Volume 63: You’re Messing Up Your Interviews

If there’s one thing I’ve learned over 30+ years of recruiting, it’s that people are not nearly as good at interviewing as they think they are. Every week, we hear back from candidates that think they knocked the interview out of the park. They are sure an offer is imminent.

Then the client tells a totally different story.

The frustrating thing, as a third party, is that the issues employers bring up after these meetings are very avoidable by the candidate a lot of the time.

Companies tell us that the candidate showed up in a baseball cap and untucked shirt for an interview that called for a higher dress code, or that they were late and didn’t call ahead. Maybe the candidate went on a ten-minute, incredibly negative rant about a former boss when asked why they left a certain company.

Companies can be equally at fault for an interview process going awry, though.

Most high-level candidates can tell stories of a company that stretched out the interview process over months, and then went AWOL and stopped answering their phones. Or times when the company didn’t have a unified vision of what they were looking for in the role, with one interviewer looking for one set of traits and goals, and another coming in with different expectations.

So, we’re going to talk about this process for the next few editions, but here’s a little preview of some of the things we talk about with companies and candidates before interviews.

Candidates:

Start with the little things. What is the first impression you’re going to make on someone? Are the first 12 words out of your mouth about how terrible the weather and the travel was, or are you using that first sentence to thank them for the opportunity to come in? Do you know how to get to the facility, and do you have a plan to make sure you arrive early? You only get one chance to make a good first impression, don’t screw it up.

Be specific. Companies are going to be wary of vague answers to questions about how you accomplished past goals. Know the stats of how much you improved things within your facility. Be able to talk about the kinds of things you did to create that improvement. You’re not trying to give all of your trade secrets on the first date, but you do need to show that you know what you’re talking about, and can make an impact.

Companies:

Don’t delay too long. For the first time in decades, there are more job openings in this country than there are job seekers, meaning that the candidate that you’ve got waiting for you can almost certainly find another opportunity if you drag your feet. It’s a seller’s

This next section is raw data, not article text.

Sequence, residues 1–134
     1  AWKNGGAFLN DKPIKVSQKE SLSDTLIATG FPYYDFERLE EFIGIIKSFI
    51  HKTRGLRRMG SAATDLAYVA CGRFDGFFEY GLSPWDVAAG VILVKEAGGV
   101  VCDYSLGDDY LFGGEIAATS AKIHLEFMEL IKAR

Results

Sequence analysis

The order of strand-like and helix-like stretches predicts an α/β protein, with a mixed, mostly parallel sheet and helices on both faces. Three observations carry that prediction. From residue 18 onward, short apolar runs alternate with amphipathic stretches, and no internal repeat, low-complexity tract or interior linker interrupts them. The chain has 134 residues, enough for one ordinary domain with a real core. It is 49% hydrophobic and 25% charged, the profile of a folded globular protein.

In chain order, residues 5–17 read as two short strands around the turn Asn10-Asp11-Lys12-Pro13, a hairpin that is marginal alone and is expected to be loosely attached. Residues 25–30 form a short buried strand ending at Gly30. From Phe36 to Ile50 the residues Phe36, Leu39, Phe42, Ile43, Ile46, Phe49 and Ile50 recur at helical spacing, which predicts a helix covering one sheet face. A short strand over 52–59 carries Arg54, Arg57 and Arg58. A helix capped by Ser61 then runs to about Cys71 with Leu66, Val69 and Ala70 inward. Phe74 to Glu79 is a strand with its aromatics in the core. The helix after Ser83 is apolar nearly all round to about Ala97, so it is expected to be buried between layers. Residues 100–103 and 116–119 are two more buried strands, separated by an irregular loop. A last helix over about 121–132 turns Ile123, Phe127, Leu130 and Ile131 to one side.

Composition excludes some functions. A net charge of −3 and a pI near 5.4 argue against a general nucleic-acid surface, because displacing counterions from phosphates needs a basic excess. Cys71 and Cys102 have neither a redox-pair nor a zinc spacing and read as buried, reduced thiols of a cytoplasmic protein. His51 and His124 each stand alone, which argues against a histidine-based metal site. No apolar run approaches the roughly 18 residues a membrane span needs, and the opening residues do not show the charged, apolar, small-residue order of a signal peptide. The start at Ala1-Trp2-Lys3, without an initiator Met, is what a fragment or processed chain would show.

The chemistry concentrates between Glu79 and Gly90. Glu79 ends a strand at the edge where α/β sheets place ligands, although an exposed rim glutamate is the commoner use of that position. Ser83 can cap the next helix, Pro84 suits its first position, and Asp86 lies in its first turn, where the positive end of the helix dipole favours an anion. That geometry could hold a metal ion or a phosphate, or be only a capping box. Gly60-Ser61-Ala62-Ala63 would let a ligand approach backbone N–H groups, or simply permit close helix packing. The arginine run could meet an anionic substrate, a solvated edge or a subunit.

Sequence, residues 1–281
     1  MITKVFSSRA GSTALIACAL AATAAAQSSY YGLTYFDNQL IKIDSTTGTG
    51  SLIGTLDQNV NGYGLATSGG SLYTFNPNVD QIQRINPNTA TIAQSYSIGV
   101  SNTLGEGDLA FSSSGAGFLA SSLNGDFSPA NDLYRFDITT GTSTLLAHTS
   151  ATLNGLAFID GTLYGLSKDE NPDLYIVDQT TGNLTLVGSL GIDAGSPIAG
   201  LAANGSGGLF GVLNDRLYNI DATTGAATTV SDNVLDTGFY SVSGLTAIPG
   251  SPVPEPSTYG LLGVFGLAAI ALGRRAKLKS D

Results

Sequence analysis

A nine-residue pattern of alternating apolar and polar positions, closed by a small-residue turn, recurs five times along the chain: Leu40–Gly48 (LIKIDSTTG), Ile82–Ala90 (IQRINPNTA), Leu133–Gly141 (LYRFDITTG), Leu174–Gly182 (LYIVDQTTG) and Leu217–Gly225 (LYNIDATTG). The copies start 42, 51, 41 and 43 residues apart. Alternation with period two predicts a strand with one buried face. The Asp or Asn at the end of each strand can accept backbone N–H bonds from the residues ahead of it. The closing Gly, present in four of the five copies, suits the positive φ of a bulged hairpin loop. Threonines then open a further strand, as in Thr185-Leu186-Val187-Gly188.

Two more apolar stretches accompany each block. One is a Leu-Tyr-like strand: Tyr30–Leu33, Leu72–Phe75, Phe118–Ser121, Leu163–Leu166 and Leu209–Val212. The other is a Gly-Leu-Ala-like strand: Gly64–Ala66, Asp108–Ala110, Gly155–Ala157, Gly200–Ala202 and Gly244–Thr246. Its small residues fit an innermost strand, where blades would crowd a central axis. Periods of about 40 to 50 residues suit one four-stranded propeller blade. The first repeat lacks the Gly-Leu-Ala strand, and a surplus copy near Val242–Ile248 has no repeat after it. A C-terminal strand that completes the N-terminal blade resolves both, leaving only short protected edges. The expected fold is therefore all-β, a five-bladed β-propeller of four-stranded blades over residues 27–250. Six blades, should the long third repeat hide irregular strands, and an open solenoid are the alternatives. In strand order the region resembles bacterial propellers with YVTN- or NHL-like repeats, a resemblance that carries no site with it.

market right now, and companies need to act like it. Be decisive, or lose the type of candidates that can take your company to the next level.

Be open and honest. If you’re not interested in a candidate, let them know ASAP. There’s nothing worse as a candidate than being strung along with “we’ll be in touch” and then not hearing anything back. If a position isn’t a good fit for someone, there’s nothing wrong with letting them know that. It’s not a personal indictment, but a reality that not everyone is a fit for every role.

On the flip side, letting candidates hang out to dry gives your company a bad reputation in the marketplace. If you’re having trouble getting qualified people into the organization, consider taking a look at the way you treat people that do apply. In tight knit industry like ours, tales of a bad experience spread like wildfire.

Conclusion:

The biggest thing that baffles me in today’s interviews is that people seem to be afraid to express interest. Candidates don’t want to lay it all out because there’s a chance they’ll get rejected, and hiring managers have the same hang-ups.

This is silly.

If you’re interested in joining someone’s team, or having someone join your team, express that interest. Let them know that you are motivated to get this done. Contrary to popular belief, it doesn’t weaken your negotiating position; it strengthens the resolve on both sides to put together an offer that is fair.

And isn’t that the point of the interview process? To find a good match, and put together a fair agreement to make the company and candidate’s lives better?

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